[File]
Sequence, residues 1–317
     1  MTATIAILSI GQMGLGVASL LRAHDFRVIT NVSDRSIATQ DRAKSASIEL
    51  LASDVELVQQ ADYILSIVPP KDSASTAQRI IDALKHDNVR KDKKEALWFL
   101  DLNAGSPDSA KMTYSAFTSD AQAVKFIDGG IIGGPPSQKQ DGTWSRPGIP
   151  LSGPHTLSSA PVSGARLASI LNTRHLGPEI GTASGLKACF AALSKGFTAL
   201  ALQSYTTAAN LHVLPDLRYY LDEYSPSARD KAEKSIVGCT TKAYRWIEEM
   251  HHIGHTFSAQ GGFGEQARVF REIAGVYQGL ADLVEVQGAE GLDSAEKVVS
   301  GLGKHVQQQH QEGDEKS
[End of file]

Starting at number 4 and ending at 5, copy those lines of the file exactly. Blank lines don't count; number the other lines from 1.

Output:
   101  DLNAGSPDSA KMTYSAFTSD AQAVKFIDGG IIGGPPSQKQ DGTWSRPGIP
   151  LSGPHTLSSA PVSGARLASI LNTRHLGPEI GTASGLKACF AALSKGFTAL